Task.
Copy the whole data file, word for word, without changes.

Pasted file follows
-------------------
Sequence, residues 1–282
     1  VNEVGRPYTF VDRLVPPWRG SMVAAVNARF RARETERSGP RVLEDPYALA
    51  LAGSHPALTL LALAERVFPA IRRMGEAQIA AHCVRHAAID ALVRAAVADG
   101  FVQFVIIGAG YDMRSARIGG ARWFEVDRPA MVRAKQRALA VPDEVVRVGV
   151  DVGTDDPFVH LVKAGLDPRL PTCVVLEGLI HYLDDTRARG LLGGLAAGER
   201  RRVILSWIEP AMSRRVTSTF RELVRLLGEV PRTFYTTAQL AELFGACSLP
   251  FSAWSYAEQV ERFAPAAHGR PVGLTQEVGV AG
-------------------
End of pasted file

Sequence, residues 1–282
     1  VNEVGRPYTF VDRLVPPWRG SMVAAVNARF RARETERSGP RVLEDPYALA
    51  LAGSHPALTL LALAERVFPA IRRMGEAQIA AHCVRHAAID ALVRAAVADG
   101  FVQFVIIGAG YDMRSARIGG ARWFEVDRPA MVRAKQRALA VPDEVVRVGV
   151  DVGTDDPFVH LVKAGLDPRL PTCVVLEGLI HYLDDTRARG LLGGLAAGER
   201  RRVILSWIEP AMSRRVTSTF RELVRLLGEV PRTFYTTAQL AELFGACSLP
   251  FSAWSYAEQV ERFAPAAHGR PVGLTQEVGV AG